Returning to Sports After COVID-19: Impacts on the Heart
Many schools are back in session, and sports have begun to resume. Many parents wonder if and when it’s safe for their children to pick up sports after having a COVID-19 infection. Coronavirus differs from other cold viruses because of its significant impact on the lungs as well as inflammation of the heart. While we all know that physical activity increases your heart rate, it is also important to note that increasing your heart rate too high after battling an infection can put a strain on your heart and lungs, which can be detrimental.
Evidence-based recommendations for return-to-play are limited due to the newness of the disease. However, several consensus recommendations have been made and are being used to make return-to-play decisions. These recommendations are being followed closely, as guidance is likely to change as we get further into this pandemic. Fortunately, children are largely spared of the severe symptoms associated with COVID-19, but some children do develop Multisystem Inflammatory Syndrome in Children (MIS-C), a condition where various body parts can become inflamed, including the heart, lungs, kidneys, or gastrointestinal organs. Children with MIS-C may experience abdominal pain, vomiting, diarrhea, neck pain, rash, or fatigue.
Overall, athletes should all have an evaluation by a medical provider before resuming athletic activity after testing positive for COVID-19 or MIS-C.
If your child was asymptomatic or had minor symptoms:
In general, children who have had an asymptomatic or mild disease, which is defined as no symptoms to less than three days of symptoms, can return to play when they have been asymptomatic for more than 14 days in addition to being cleared by their medical provider. Tests such as an electrocardiogram (EKG) may be ordered in some children for further screening, as this can help to identify a possible complication of a COVID-19 infection: myocarditis. Myocarditis is an inflammation of the heart muscle, usually caused by an infection, that can reduce your heart’s ability to pump, causing rapid or abnormal heart rhythms.
If your child had moderate symptoms:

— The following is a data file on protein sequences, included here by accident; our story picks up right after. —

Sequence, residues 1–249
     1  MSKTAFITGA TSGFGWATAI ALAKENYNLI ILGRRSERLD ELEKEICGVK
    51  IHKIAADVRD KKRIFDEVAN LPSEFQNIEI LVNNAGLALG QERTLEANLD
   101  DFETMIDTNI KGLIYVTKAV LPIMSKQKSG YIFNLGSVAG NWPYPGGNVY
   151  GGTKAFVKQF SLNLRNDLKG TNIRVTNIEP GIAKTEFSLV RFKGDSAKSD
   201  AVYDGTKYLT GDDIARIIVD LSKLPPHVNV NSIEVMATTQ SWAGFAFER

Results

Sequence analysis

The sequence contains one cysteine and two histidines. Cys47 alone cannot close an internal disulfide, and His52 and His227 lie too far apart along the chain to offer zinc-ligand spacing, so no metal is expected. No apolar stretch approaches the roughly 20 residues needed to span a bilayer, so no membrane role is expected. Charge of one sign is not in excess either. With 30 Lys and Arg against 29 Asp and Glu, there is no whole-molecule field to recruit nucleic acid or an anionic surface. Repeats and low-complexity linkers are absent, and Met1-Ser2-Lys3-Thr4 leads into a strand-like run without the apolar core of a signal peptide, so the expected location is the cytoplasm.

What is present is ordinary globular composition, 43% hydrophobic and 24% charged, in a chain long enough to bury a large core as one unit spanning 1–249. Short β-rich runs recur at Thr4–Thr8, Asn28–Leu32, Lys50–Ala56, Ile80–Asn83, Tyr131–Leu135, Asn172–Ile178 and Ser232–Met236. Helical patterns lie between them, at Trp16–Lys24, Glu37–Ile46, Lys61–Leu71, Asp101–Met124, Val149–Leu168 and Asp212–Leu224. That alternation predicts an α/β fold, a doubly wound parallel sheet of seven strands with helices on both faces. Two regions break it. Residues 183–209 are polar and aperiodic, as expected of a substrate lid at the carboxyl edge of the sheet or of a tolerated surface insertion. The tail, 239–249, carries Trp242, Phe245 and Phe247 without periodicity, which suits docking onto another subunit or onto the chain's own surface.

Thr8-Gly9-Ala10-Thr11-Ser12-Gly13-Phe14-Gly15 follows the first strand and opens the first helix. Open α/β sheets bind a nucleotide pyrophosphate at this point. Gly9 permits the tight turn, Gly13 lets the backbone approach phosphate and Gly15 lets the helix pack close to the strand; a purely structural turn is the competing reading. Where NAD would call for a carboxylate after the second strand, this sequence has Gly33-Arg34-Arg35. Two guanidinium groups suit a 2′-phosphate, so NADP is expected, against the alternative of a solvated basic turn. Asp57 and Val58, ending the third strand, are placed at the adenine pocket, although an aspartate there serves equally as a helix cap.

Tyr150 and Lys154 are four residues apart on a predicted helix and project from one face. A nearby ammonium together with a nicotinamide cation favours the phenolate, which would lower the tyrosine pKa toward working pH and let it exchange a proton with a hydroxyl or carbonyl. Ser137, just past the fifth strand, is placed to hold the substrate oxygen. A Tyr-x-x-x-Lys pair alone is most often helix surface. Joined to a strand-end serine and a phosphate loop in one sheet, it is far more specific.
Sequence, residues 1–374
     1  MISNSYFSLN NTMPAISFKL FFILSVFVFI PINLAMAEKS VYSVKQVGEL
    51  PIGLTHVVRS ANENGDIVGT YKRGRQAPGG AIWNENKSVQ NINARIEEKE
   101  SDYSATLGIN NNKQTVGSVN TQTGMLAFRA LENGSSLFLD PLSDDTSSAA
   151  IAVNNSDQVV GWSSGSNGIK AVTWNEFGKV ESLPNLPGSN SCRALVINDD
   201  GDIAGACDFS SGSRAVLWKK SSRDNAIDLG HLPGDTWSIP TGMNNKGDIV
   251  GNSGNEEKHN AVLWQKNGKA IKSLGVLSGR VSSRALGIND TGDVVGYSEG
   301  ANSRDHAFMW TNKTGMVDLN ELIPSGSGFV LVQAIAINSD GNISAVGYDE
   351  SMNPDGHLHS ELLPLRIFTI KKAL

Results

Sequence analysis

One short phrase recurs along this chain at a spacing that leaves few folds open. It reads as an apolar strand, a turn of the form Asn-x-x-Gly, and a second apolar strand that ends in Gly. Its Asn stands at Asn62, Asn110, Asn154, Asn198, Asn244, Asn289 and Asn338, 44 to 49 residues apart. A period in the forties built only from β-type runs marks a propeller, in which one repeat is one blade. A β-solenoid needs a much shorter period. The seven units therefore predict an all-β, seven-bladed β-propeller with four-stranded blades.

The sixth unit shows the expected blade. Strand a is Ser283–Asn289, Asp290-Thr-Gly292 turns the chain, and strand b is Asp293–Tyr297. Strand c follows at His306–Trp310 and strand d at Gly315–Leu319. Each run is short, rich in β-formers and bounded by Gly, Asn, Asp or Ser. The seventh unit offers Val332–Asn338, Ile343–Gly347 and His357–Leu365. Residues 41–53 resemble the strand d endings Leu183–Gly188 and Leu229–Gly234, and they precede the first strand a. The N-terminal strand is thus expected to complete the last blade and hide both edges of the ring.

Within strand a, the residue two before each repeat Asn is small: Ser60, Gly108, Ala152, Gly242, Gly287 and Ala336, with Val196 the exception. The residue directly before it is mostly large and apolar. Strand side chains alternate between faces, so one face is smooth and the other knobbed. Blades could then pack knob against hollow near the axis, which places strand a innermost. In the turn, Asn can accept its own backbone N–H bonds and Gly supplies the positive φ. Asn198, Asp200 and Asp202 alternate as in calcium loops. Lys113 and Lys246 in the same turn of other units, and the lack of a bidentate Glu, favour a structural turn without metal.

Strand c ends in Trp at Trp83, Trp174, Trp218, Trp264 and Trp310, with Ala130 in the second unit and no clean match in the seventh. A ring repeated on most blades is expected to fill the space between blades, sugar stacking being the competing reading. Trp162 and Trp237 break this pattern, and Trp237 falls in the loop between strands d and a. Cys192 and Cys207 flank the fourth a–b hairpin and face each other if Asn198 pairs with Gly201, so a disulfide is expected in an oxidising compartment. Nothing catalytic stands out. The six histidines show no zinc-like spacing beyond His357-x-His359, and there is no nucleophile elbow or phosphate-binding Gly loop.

Children who have moderate symptoms, defined as fever and bedrest but not requiring hospitalization, are also recommended to be asymptomatic for more than 14 days and have an evaluation by their medical provider before returning to sports. Factors such as age and level of intensity may guide further testing such as an EKG, echocardiogram or blood tests to look for evidence of inflammation in the heart before returning to sports.
If your child had severe symptoms:
Athletes with severe COVID-19 infection requiring hospitalization, or if they have ongoing symptoms, are at higher risk for cardiac dysfunction and dangerous heart rhythm dysfunction. These children should be evaluated by a pediatric cardiologist before returning to play. Testing varies but may include an EKG, echocardiogram or blood tests to look for evidence of inflammation in the heart, monitoring for heart rhythm abnormalities, exercise testing, cardiac MRI and pulmonary evaluation.
If your child was in contact with someone with COVID-19:
Athletes who have been in close contact with someone with COVID-19 may not participate in sports while they are in quarantine, which, based on current recommendations, must last for at least 14 days.
Athletics are an important part of socialization, fitness and learned discipline, and keeping children safe is the top priority. It is recommended that when children return to sports, they return gradually to ensure they do not have symptoms as they increase their athletic participation. It is also important to follow the guidance of health officials to decrease the likelihood of spread within our community so athletes can participate safely.
Dr. Jake Kleinmahon joined the faculty at Ochsner Hospital for Children in 2018. He is medical director of Ochsner’s pediatric heart transplant, heart failure and ventricular assist device programs. He also has advanced training in taking care of infants and children with pulmonary hypertension and runs a clinic dedicated to taking care of patients with pulmonary hypertension.
Dr. David Leslie is a primary care sports medicine physician who serves as a team physician for several local colleges and high schools in the New Orleans metro area. He is a board-certified family medicine physician and is subspecialized in sports medicine. He also is an active member of Ochsner’s Concussion Management Program.